With all due respect, IPSec has its downsides as well. First, it’s not easy to configure for an average PC user, and if it’s configured improperly, its security can be compromised. Also, as was noted before, it’s used in a bundle with several other protocols.

Second, it’s demanding in terms of computing power. Partially, this drawback is compensated by the use of hardware acceleration of AES encryption algorithms (which are usually offered in today’s implementations of IPSec, among other algorithms). This AES hardware acceleration feature is deployed in current processors for both mobile and desktop devices, as well as in Wi-Fi routers and so on.

To our dismay, technologies created by theoreticians (mainly, math think tanks), are brought to life by practical minds which at times lack knowledge and understanding of science. Research published in October 2015 states that up to 66% IPSec connections are crackable with quite moderate effort, and NSA is likely to possess suitable hardware resources to compromise encryption.

The issue here is the incorrect use of protocols which are used to initiate a secure connection. This problem is applicable not only to IPSec, but to TLS (which we’ll discuss below) and SSH, as well as TOR and OTR. In other words, there is likelihood of compromise for both VPN connection and other types of secure connection for certain websites, mail servers, messengers and the likes of those.

Of course, long lead-in times and significant computing resources are required to carry out such an attack, but in this very case the researchers used Amazon’s common cloud technologies and, evidently, spent a realistic amount of money, technically available for a private actor.

With such resources at hand, the prep time for an attack can be a minute in the best case scenario and up to a month in a worst-case scenario. At the same time, some experts were sceptical about this Proof-of-Concept: as they say, in real life the number of vulnerable systems is much lower. Anyway, certain aspects of the research should be taken seriously; meanwhile the developers of potentially vulnerable software are preparing or have already developed patches and have alerted their users.

SSL (Secure Sockets Layer) and TLS (Transport Layer Security) VPNs, as their names suggest, belong to a class of solutions based on corresponding SSL and TLS protocols, which are at times complemented by other means of protection. All of you should have come across SSL/TLS when surfing the Internet; for example, this very website uses it as well: the ‘https’ prefix and the green lock header confirm that the website uses these protocols for secure connection.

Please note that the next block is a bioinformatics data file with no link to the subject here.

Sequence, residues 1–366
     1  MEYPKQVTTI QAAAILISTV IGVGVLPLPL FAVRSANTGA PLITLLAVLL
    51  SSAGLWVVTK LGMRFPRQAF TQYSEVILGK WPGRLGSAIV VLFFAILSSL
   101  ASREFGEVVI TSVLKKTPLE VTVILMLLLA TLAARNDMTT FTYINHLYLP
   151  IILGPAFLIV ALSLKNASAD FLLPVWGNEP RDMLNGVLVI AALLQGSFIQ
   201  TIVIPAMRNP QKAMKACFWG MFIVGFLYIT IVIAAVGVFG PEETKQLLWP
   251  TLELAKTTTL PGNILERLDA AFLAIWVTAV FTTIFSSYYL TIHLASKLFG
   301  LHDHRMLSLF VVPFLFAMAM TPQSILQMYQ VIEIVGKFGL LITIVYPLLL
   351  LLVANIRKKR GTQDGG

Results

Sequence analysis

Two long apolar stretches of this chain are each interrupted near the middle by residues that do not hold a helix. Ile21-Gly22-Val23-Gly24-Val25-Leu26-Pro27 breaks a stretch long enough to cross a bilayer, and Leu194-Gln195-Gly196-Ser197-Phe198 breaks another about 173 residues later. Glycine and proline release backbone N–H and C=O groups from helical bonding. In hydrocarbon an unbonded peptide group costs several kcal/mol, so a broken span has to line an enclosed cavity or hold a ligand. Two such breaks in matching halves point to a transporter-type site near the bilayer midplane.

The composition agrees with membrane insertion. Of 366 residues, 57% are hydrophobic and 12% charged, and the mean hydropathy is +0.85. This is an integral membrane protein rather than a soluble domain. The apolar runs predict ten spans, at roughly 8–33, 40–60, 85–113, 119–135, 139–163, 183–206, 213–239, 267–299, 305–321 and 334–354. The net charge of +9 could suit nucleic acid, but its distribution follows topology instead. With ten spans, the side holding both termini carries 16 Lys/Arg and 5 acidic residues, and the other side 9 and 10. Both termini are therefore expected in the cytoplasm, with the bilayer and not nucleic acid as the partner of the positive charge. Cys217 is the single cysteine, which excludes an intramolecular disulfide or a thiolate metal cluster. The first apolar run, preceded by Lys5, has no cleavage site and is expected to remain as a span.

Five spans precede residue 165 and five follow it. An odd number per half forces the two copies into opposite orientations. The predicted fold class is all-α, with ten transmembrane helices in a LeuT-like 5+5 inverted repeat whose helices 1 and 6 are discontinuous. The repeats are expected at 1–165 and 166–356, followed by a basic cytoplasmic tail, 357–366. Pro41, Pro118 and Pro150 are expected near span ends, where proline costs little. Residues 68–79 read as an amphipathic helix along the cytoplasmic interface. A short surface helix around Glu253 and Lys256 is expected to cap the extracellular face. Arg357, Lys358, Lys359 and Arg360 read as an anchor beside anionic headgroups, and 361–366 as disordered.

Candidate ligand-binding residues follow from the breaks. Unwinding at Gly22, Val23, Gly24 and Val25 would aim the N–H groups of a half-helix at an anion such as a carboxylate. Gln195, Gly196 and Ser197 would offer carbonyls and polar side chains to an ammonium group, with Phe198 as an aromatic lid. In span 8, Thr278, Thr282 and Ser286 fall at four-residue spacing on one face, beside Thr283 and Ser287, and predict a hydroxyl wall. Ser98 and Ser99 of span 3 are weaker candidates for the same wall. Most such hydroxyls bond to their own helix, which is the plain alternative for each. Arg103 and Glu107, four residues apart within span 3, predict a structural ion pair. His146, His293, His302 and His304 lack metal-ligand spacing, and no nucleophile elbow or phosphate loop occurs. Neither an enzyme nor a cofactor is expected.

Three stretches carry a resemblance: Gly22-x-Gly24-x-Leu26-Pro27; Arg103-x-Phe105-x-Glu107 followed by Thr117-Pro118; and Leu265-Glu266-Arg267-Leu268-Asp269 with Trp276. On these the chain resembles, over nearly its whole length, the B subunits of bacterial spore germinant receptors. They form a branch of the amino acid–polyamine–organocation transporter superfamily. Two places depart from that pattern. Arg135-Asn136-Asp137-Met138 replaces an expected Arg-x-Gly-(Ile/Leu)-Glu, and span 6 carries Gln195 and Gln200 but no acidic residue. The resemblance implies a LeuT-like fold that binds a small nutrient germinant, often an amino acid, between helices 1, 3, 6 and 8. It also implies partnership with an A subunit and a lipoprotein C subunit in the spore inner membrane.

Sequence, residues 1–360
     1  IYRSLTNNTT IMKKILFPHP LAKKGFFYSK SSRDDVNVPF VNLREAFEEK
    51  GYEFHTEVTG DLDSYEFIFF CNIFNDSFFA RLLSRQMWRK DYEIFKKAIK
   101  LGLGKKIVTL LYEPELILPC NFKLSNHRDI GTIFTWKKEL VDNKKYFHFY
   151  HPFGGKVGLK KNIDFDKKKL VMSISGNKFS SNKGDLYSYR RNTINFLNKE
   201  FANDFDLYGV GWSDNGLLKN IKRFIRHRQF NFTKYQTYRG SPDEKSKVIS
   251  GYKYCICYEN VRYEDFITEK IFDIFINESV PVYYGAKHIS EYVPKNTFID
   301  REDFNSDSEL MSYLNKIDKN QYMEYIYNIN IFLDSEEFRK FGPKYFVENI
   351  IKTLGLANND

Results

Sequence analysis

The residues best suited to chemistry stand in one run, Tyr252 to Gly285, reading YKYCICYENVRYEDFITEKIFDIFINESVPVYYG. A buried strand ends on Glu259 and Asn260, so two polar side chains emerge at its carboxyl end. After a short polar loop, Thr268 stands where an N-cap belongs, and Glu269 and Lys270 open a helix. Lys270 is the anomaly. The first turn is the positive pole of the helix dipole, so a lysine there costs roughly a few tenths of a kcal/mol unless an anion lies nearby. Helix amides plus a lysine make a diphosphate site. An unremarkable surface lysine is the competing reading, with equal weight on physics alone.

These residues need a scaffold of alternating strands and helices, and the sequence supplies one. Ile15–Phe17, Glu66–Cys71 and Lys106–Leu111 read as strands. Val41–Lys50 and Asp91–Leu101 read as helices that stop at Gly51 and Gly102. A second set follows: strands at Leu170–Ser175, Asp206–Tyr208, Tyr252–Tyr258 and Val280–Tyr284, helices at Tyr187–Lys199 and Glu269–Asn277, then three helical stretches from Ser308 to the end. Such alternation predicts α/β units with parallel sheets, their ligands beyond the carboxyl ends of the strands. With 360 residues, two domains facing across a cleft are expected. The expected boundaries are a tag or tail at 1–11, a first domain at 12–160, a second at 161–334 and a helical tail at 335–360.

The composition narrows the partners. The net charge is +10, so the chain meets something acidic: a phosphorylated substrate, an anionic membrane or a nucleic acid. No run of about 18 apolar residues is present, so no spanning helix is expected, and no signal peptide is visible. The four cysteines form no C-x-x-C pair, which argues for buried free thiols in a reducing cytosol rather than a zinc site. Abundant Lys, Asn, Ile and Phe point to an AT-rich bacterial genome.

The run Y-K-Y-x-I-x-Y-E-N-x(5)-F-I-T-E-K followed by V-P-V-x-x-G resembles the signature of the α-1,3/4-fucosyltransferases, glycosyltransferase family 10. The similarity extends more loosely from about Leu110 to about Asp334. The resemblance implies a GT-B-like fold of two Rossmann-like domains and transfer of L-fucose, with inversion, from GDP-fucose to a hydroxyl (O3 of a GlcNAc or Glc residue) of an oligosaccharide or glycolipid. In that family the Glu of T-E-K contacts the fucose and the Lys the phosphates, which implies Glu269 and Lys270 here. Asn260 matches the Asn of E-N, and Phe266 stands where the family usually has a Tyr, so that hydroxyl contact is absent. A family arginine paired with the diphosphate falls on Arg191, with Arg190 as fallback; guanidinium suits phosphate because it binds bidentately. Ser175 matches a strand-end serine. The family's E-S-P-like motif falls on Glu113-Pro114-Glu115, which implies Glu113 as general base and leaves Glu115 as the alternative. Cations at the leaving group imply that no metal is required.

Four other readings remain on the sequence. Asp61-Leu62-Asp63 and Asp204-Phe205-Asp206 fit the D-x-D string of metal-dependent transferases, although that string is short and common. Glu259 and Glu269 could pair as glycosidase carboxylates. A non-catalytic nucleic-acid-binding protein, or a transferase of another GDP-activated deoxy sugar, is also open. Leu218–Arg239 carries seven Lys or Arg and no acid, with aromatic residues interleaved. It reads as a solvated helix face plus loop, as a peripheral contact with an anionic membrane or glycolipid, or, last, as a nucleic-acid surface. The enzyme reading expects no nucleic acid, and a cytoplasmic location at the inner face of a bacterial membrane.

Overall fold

The first implementations of the protocol date back to as early as last century, yet the technology gained traction only in 2000’s. The proliferation of the protocols allowed to study them thoroughly and find a number of vulnerabilities, both in the architecture itself and in different implementations. SSL 3.0 was phased out in June 2015; the most up-to-date version is TLS 1.2, yet it is hardly totally secure: a lot really depends on configuration (see IPSec). Besides, both protocols are burdened by a need to offer backward compatibility.

What can definitely be considered an advantage of this type of VPN is the prevalence of SSL/TLS in the Internet, which means that most public networks let it pass through freely. In terms of drawbacks, these VPNs have low performance, are hard to configure and require additional software.

Among the most popular SSL/TLS VPN implementations are OpenVPN (SSL 3.0 / TLS 1.2) and Microsoft’s SSTP (SSL 3.0). In fact, SSTP is integrated with Windows. OpenVPN, due to its open nature, has a lot of implementations for most platforms and is considered the most reliable VPN implementation to date.


We have reviewed the most popular VPN implementations known to date. However, as this technology evolved over the years, it saw a huge number of iterations. Think of all solutions developed for the enterprise and telecommunication sectors!

As for average users, I would recommend sticking to OpenVPN due to its open nature, reliability and security. However, this and other VPN implementations have a number of tricky technical and legal peculiarities I’m going to cover in a later instalment in this series.